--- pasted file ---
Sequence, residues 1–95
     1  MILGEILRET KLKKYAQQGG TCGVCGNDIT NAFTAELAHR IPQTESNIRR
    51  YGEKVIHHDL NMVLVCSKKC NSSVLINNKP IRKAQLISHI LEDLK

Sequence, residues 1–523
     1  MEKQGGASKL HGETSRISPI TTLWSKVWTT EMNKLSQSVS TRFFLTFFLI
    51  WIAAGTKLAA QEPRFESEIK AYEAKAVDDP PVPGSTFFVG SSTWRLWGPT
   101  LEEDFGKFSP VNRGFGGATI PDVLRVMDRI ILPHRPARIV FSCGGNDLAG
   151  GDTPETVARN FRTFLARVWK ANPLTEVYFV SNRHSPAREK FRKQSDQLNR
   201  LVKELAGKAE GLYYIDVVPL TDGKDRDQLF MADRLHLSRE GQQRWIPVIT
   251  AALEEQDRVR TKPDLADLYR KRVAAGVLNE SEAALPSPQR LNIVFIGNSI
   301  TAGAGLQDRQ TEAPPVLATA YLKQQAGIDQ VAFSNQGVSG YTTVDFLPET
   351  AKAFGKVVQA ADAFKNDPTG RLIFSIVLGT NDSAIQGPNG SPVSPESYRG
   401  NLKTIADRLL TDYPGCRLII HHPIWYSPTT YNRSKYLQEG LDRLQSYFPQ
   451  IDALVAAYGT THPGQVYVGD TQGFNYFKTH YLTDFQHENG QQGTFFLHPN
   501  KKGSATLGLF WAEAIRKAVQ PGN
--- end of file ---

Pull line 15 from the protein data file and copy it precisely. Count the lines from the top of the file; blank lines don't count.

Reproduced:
   501  KKGSATLGLF WAEAIRKAVQ PGN